Curiosity and frustration build the best businesses

Richard Branson launching Virgin Blue
Virgin Australia
Virgin Galactic
Richard Branson's signature
Published on 15 May 2024

Curiosity and frustration are two of your best friends as an entrepreneur. It’s how you go where no one else has thought to go before, and it’s the best way to disrupt a stagnant market.

If you’re keen to launch a business, but are not sure where to start, here’s a few tips. Grab a pen and paper (always have your notebook handy - you never know when the next great idea will come to you), then answer these two questions:

1. What do you love?

Make a list of all the things you are passionate about or interested in. It doesn't matter how random the list is; one item on it could spark an idea that turns into a business. Now look at your list, and think about the industries it touches on. Are any of them ripe for innovation?

Think about the companies in those areas whose products and services you like. Most established businesses have shortcomings and their customers are waiting for a better alternative to arrive. Whether the businesses are small local operations or global corporate giants - if they’ve stopped innovating, you have an opportunity. Sectors which are dominated by companies that have gotten too comfortable and have stopped putting customers first are particularly ripe for disruption.

Also look into starting up a related business. Many successful start-ups spawn from other enterprising ventures by making the initial creation even better.

Richard Branson at Virgin Hotels Las Vegas, looking at the view
Tony Tran

So, rather than being discouraged when you find that someone is already acting on an idea similar to yours, welcome the competition. Pick specific examples of what you think their enterprise is doing brilliantly and try to learn why it works so well. Crucially, look for areas where they are falling short, and work out how your start-up could improve things. Get in contact with the businesses and ask plenty of questions. You'll be surprised to find how many successful businesspeople are willing to give advice and guidance - they were all budding entrepreneurs once! In fact, networking and mentoring are some of the most powerful things you can do in the early days. Check out the soon-to-launch Virgin StartUp Digital Community if you’re in the UK, as it will be the perfect platform for peer-to-peer networking, mentoring, and rubbing shoulders with experts.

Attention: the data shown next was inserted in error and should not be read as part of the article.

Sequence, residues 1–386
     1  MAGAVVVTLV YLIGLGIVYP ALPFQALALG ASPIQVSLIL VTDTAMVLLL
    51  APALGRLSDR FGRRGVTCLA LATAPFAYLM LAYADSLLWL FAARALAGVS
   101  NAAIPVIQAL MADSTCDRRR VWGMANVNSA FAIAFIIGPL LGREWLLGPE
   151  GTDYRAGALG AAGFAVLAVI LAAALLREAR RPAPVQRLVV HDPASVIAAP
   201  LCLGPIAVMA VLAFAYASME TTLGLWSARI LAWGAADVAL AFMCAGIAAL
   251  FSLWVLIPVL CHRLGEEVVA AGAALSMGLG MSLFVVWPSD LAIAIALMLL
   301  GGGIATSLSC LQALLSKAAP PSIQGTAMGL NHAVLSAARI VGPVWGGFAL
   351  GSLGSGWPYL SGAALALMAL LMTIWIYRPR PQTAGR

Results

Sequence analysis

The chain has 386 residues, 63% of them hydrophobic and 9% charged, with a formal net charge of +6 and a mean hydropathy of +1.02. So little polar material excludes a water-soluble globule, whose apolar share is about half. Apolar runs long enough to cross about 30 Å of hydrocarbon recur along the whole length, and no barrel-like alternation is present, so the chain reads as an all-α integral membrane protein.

2. What do you dislike?

Next, think about things that annoy, confuse of frustrate you. How would you change these things? Again, do not censor your thoughts: just write! All good businesses are built from frustration.

Whenever I see something that doesn't make sense, like shoddy service on an airline or bad food on a cruise ship, I start to think about how it could be improved upon. Many Virgin Group businesses have been sparked by an employee’s exasperation that another company was missing the mark, in one way or another. In fact, Virgin Voyages was built from a group of us sitting around a giant piece of paper writing down everything we didn’t like about cruises, and what an ideal cruise would involve.

Richard Branson in Sydney on a speedboat
Virgin Voyages

As a customer, you know when a business doesn’t deliver. Now, as an entrepreneur, you are in a position to build a business that fixes those problems. The company that is built from this is likely to make people’s lives better, and cut through the market.

Next steps:

Now, look at your lists. If an idea doesn’t immediately come to mind, take some time. You’re now thinking in a curious way, and you’ll be more aware of frictions and frustrations in future business encounters.

When the idea comes to you, it’s time to start testing it. You need to be brave and find an appetite for risk. Even the most carefully laid out plans don’t lead to success, so it’s often better to put your product or service out there so that people can try it out. Virgin StartUp tell me this is called ‘Bootstrapping’! While you’re in the testing and planning phase, go back to all those people who suggested that you become an entrepreneur and ask them for specifics about what they see as your strengths. Tell them about your ideas and ask for honest, raw feedback. I’ve always discussed new business ideas with my friends and family before turning them over to lawyers and investment experts.

Richard Branson at the Ultramarine ocean conservation gathering on Necker Island
Stacie Hass

Finally, don't be afraid to ask your loved ones and experts like Virgin StartUp for support. With their help, I'm sure you’ll be able to call yourself an entrepreneur very soon.